From offshore to shipping, it is people that drive successful digital transformations
The shipping sector is under greater pressure from its customers and investors to demonstrate sustainability – and these people represent one aspect of the human element story that is shaping decarbonisation and digitalisation. Good data management helps shipowners measure their emissions levels, giving them a fact-based picture of their compliance and helping them keep track of progress towards their environmental, social and governance (ESG) goals. This will be key for environmental reporting to authorities, and will also help companies prove that they “walk the talk” to avoid accusations of greenwashing.
Good data management also facilitates information sharing between the different stakeholders involved, including partners, service providers, suppliers, regulators and investors – ensuring that they have an up-to-date picture of the situation and are all moving in the same direction.
Creating a digital culture
But change management and the creation of a digital culture can be challenging for companies looking to expand their use of data and reap the benefits of digitalisation. Our experience in the offshore sector has shown that we need to persuade people who are currently managing their operations though spreadsheets to come on board by listening to their concerns, understanding their challenges, and helping them to realise that digitalisation is there to serve them, not the other way around.
We need to help people talk about the realities on the ground and create the dialogue needed to move forward. For example, during efficiency meetings, shipowners and charterers can provide insights that sometimes cannot be seen in the data, and can explain trends detected by, but not explained by, algorithms – a clear demonstration of the importance of the human element.
The importance of the human experience cannot be overstated, and investment in design is important to ensure that users feel comfortable and familiar with the different interfaces, graphs and reports they use. This familiarity helps create trust between the data integrator and the company and enables an organisational culture where people are open-minded and willing to test new solutions and new ways of working.
How to achieve big results from limited data
We need to accompany each company and each person on their digital journey, even though they might have different starting points. That journey need not be long and arduous. Our experience has shown that tremendous progress can be achieved with a small amount of data, if that data is of good quality.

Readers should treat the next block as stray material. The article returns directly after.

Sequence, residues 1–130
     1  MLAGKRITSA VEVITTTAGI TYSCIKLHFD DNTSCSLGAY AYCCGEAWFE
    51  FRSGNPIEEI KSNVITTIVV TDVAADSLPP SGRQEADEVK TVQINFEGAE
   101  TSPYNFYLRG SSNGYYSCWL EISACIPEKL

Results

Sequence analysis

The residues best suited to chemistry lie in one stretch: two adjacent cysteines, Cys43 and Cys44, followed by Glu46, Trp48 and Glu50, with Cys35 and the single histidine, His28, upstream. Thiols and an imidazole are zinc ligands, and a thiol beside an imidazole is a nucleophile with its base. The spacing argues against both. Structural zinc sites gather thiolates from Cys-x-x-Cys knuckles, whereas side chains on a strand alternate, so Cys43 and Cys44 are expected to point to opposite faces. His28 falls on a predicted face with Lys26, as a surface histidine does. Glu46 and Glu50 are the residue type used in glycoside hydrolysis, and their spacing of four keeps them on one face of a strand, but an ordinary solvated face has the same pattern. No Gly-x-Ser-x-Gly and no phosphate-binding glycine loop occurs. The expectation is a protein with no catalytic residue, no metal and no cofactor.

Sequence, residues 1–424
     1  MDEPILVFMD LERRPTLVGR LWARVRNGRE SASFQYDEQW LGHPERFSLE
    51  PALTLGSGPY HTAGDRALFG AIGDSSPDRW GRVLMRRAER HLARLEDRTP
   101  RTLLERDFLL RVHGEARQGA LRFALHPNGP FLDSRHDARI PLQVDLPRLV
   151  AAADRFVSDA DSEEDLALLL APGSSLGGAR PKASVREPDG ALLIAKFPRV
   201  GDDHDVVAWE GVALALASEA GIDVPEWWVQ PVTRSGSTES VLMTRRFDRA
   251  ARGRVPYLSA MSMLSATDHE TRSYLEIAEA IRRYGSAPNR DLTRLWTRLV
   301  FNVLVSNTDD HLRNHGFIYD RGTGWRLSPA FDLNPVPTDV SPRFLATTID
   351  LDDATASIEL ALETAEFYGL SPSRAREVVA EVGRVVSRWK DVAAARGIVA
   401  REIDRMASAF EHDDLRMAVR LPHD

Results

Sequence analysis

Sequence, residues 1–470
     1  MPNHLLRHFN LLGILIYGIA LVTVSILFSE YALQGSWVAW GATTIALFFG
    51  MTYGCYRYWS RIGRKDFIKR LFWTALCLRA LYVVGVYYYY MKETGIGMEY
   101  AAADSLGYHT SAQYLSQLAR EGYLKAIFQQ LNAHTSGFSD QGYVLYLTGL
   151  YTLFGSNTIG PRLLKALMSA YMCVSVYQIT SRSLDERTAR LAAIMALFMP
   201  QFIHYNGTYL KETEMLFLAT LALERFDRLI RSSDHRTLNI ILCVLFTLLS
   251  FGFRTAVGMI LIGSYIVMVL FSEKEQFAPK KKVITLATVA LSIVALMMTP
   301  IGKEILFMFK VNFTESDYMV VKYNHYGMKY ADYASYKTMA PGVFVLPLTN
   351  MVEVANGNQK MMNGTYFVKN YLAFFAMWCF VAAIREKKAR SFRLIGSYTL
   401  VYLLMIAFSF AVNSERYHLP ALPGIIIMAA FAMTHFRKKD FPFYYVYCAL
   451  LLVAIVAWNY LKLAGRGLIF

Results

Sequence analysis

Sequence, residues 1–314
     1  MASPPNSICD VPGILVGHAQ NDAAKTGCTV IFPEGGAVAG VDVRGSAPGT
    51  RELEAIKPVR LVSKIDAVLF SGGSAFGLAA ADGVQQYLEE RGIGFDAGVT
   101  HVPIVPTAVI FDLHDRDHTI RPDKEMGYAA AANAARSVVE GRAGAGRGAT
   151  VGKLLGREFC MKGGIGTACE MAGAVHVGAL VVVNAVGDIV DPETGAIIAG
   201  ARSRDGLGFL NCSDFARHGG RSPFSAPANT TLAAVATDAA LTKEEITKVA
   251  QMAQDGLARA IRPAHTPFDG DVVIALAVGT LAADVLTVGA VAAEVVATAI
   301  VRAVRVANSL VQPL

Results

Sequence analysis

From data on the position of vessels in real time, reporting and weather, we can get important insights into how the vessel is operated, and how much could be saved by making practices more efficient. For example, in our pilot project with Identec and Shell’s fleet in Nigeria, we were able to create an algorithm that delivered important insights into operational patterns solely by using data on GPS positioning (which was updated every few minutes), and combining it with weather data and the operation of the vessel as reported by the captain through noon reports and e-reporting solutions.
It is important to choose which data elements will be meaningful and then ensure that data quality is sufficient to feed in to algorithms and create real value. It is also important to remember that the data processes we have in place today will need to be constantly updated throughout the industry’s sustainability transition. For example, at present, measurements are based on the fuels currently on the markets, and the way we collect and process data will have to evolve to respond to the arrival of new fuels.
The future will also see artificial intelligence and machine learning play an even greater role than they do already, due to their capacity to handle large volume of data. But it is still the human element that will bring that data to life and set and achieve goals with it.
Source: Arnaud Dianoux, CEO & Co-Founder – Opsealog, Arranged on Behalf of Hellenic Shipping News Worldwide (www.hellenicshippingnews.com)